nav search
Data Center Software Security Transformation DevOps Business Personal Tech Science Emergent Tech Bootnotes BOFH

UK terror law probe stresses 'safeguards' amid MI5 plot claims

Chief spy: Tech firms have ‘responsibility’ to share info

By Kat Hall, 17 Sep 2015

Blighty's domestic intelligence agency MI5 foiled a number of life-threatening terrorist plots over the last 12 months, underlining the need "for good intelligence and strong anti-terrorism laws, accompanied by proper safeguards."

This was the conclusion of the watchdog report by the Independent Reviewer of Terrorism Legislation, David Anderson QC.

The report follows comments from MI5 head Andrew Parker this morning on the BBC's Today Programme, claiming that terrorist plotting against Britain is at its most intense for three decades.

Parker said that new technologies were posing ever-greater challenges to his agency as he argued that tech firms such as Facebook and Twitter had a "responsibility" to share information.

According to the report by Anderson, the number of UK-linked individuals who are involved in, or have been exposed to, terrorist training and fighting is higher than it has been at any point since the 9/11 attacks in 2001.

However, it said that ten years on from the 7/7 bombings "only two people have been killed by terrorists in Great Britain." Over the last 12 months charges have been brought that relate to five life-threatening terrorist operations, he said.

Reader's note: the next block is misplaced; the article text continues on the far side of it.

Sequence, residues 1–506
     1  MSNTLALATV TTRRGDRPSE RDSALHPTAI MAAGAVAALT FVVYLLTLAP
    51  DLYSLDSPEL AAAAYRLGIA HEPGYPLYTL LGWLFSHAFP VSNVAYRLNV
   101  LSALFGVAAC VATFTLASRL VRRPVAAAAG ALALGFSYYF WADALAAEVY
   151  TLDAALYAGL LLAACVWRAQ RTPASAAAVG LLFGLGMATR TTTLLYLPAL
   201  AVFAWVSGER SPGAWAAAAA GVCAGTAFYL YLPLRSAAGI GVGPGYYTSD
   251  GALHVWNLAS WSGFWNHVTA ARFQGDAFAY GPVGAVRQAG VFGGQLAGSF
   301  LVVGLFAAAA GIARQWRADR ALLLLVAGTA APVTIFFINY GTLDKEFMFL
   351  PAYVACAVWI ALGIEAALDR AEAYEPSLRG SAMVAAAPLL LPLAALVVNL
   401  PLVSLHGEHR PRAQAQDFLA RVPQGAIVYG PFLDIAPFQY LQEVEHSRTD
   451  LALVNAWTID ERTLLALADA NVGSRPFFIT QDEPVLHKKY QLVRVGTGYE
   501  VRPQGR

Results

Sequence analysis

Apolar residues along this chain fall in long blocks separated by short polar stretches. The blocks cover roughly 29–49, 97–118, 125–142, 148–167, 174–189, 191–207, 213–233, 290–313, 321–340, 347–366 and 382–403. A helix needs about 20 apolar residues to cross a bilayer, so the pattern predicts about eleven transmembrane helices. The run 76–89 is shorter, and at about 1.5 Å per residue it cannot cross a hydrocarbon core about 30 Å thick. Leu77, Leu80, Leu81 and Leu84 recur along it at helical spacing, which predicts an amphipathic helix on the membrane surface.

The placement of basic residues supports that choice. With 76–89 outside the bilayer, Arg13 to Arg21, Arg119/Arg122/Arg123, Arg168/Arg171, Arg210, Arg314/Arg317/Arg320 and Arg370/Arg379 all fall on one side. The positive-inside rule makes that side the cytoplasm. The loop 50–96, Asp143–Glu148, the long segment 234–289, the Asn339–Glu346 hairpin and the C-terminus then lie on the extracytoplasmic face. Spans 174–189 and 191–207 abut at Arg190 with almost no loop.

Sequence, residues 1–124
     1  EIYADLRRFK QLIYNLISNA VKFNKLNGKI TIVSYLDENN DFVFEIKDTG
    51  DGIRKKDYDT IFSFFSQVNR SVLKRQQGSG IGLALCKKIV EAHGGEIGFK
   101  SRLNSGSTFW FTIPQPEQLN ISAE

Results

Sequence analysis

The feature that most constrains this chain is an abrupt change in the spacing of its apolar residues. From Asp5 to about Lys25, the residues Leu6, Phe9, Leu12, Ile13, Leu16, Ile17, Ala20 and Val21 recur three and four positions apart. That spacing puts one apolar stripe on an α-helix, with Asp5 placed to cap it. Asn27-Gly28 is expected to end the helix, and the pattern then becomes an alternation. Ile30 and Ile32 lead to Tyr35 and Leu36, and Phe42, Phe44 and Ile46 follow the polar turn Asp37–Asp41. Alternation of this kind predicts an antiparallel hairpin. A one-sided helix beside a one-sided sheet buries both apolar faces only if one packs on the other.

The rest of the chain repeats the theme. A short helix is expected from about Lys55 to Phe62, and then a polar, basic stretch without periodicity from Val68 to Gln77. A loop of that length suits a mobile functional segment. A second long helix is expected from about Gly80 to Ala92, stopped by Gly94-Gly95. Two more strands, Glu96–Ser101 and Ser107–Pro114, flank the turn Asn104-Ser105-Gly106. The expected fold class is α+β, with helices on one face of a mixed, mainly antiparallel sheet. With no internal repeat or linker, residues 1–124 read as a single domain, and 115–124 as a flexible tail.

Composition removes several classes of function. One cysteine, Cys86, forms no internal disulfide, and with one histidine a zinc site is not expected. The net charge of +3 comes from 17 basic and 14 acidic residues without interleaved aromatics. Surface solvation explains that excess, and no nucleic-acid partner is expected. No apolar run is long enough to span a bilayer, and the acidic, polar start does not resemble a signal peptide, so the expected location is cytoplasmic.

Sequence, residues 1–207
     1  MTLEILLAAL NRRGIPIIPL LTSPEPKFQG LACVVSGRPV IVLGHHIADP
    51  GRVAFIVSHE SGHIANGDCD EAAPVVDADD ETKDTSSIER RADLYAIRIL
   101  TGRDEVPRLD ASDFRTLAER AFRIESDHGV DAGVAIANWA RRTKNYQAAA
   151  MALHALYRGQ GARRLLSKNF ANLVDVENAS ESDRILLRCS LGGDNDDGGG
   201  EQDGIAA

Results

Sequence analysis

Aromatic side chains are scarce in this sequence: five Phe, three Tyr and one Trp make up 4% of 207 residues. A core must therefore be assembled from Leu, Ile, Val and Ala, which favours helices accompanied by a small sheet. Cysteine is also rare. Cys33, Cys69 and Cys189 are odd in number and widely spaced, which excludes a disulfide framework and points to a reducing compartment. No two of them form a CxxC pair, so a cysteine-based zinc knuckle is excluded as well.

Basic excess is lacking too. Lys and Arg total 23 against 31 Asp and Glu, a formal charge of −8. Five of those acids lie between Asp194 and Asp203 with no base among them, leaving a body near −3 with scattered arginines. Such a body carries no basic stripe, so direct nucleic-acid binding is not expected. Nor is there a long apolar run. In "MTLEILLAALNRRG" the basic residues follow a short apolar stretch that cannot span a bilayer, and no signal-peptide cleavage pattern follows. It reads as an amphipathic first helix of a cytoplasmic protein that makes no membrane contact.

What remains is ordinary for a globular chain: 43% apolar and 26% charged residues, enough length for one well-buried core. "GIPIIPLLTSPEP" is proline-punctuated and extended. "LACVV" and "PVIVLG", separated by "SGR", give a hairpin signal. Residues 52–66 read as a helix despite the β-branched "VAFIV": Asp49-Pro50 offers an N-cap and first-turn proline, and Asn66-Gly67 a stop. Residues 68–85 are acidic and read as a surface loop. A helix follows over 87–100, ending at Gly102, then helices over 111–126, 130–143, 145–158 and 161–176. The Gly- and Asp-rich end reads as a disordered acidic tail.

But he said in Northern Ireland progress towards a post-conflict society is far from complete, with three security-related deaths since February 2015, 71 shooting incidents and 44 bombing incidents, together with 49 casualties from paramilitary style assaults, he said.

For every one attack, said Parker, three or four others have been stopped from coming to fruition.

"In the circumstances, the need for good intelligence and strong anti-terrorism laws, accompanied by proper safeguards, is surely self-evident," concluded Anderson.

He warned that surveillance measures in the forthcoming Counter Extremism Bill could risk "provoking a backlash in affected communities" if the measures introduced are seen to be too draconian. ®

The Register - Independent news and views for the tech community. Part of Situation Publishing